EMB calls for key reforms in the EU agricultural system and climate strategies

By Jim Cornall contact

- Last updated on GMT

The European Milk Board’s General Assembly took place in Leuven, Belgium, last week. Pic: EMB
The European Milk Board’s General Assembly took place in Leuven, Belgium, last week. Pic: EMB

Related tags: EMB, Dairy, Milk, Farm to fork, Sustainability

Representatives from 12 European countries gathered last week at the European Milk Board’s (EMB) General Assembly in Leuven, Belgium, to jointly discuss key solutions for the dairy sector.

The EMB said mistakes made in the EU agricultural sector are “increasingly obvious.”

It said milk production is already declining in important production countries, as long-standing cost shortfalls have been driving dairy farmers out of production for years. Against this backdrop, the European milk producers’ representatives said there is a need for a change in strategy to guarantee a future for the sector and dairy farmers.

The EMB said the existing cost pressure, which it blamed on the current export and import strategy, is compounded by the pressure on income created by the current and future environmental strategies such as the Green Deal and “Farm to Fork.”

Milk producer representatives attending the meeting stressed environmental and climate measures are required, but said they have to be thought through.

The unanimous opinion of the General Assembly was that it was imperative for the solutions for the sector to create general framework conditions that guarantee a cost-covering producer price.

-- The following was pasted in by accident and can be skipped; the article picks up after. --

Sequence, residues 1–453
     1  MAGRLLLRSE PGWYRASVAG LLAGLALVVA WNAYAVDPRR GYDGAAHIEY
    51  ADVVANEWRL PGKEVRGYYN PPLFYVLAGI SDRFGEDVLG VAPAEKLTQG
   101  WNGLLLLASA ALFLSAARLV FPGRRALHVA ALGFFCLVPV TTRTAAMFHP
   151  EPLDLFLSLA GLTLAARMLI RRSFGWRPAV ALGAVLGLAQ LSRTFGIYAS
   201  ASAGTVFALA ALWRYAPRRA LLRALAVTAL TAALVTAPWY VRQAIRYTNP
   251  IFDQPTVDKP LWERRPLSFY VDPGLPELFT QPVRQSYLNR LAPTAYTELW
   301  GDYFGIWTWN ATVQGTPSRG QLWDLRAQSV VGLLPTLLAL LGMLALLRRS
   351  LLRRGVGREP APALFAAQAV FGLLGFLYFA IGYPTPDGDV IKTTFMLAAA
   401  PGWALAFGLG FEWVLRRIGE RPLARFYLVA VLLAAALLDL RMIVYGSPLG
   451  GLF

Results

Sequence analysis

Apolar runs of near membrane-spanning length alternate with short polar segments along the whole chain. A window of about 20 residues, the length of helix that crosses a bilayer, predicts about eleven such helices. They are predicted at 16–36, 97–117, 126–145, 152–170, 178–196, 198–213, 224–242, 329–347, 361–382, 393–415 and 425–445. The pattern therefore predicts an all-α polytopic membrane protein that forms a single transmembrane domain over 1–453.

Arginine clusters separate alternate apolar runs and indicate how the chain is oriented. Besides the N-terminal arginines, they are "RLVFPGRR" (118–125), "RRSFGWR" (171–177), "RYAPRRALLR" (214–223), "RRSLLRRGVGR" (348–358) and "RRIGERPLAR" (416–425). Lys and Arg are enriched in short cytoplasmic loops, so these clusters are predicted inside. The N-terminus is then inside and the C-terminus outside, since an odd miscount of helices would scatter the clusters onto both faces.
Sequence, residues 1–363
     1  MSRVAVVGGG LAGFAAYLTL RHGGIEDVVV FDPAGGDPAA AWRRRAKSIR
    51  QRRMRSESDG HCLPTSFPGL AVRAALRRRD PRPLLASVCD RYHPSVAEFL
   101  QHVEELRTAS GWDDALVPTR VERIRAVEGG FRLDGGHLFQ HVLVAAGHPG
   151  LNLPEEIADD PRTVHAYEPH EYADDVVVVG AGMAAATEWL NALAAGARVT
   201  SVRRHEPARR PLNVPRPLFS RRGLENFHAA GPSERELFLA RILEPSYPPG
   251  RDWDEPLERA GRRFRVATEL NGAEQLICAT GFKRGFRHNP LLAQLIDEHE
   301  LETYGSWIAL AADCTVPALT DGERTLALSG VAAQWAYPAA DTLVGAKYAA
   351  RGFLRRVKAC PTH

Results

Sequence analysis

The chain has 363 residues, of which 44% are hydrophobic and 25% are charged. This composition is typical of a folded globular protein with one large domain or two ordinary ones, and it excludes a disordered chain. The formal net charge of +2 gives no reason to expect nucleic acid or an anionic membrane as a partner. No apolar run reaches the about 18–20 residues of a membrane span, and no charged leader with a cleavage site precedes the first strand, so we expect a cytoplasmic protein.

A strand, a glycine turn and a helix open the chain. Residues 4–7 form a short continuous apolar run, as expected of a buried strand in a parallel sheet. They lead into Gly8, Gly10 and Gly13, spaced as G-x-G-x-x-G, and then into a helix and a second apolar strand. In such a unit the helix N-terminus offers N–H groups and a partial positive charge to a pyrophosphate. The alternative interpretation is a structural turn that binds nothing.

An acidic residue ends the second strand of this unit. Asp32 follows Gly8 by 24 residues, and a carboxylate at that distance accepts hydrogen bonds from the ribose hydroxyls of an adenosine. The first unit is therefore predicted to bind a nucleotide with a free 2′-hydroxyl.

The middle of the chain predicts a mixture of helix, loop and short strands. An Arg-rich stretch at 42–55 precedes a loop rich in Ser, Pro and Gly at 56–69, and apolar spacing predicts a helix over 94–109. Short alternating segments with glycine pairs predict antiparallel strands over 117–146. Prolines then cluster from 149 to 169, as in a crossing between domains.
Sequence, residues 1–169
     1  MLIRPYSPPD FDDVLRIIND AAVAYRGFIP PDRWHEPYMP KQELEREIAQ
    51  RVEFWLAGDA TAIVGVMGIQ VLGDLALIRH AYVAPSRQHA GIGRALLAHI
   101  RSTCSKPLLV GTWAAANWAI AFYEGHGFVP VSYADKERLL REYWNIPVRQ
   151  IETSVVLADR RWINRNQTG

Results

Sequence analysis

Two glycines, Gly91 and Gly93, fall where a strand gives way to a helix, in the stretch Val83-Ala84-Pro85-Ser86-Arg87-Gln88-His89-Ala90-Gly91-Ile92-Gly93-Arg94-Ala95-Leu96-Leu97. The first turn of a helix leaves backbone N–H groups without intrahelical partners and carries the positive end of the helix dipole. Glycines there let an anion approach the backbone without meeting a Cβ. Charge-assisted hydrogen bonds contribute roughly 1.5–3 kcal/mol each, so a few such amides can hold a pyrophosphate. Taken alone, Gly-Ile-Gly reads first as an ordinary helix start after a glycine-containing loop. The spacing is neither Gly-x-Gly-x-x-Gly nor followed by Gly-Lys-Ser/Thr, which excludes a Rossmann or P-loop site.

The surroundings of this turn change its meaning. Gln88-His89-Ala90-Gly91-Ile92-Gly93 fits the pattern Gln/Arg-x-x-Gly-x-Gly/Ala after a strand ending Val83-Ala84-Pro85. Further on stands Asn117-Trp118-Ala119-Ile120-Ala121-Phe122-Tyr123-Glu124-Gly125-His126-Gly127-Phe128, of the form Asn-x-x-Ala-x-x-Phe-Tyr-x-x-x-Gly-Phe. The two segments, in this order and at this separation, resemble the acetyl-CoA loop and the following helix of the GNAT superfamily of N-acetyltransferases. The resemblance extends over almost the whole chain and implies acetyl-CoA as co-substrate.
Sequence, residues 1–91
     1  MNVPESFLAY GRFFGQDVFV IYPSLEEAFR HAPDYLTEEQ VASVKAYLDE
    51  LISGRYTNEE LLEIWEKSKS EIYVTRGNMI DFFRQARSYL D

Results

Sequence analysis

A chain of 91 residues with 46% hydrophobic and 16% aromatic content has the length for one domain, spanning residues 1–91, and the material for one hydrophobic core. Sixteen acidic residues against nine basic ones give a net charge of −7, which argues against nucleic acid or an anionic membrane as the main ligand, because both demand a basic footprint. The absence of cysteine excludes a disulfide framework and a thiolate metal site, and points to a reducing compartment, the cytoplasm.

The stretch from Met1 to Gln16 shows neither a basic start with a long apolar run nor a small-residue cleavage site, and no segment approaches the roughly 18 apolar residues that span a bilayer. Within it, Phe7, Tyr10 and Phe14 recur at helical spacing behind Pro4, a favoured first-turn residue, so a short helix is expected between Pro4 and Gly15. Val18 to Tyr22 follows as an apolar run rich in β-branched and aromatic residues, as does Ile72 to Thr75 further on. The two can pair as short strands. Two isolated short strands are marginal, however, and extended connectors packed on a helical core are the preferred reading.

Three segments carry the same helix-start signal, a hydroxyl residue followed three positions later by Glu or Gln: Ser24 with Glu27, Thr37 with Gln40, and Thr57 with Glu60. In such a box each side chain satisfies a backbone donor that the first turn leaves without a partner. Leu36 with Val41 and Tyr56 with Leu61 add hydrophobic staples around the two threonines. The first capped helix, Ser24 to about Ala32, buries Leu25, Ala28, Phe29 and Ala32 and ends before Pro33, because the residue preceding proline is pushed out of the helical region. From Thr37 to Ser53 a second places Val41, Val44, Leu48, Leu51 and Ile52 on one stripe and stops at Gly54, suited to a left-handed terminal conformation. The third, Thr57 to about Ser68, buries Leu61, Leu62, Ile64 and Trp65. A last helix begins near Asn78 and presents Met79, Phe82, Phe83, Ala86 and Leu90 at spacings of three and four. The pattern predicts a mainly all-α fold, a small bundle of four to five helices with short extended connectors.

The dairy farmer representatives attending highlighted the need for instruments that can temporarily limit production in times of crisis, and for a policy that focuses on the solid financing of sustainability measures. For the farming sector that must mean that all production costs – including the costs of sustainability – are covered and not shifted on to the producers.

EMB president Sieta van Keimpema said, “The CAP reform adopted this year makes the voluntary volume reduction an official instrument for times of crisis in the EU’s Common Market Organisation. This is a first small step on a long way the political decision-makers still have to go along with the farmers to radically reform the current agricultural system.”

The EU sustainability strategies also had to be adapted on the way. We want a climate policy – also, of course, because we farmers are the first to feel the impact of climate change. But it must be affordable and really effective for the environment and climate.”

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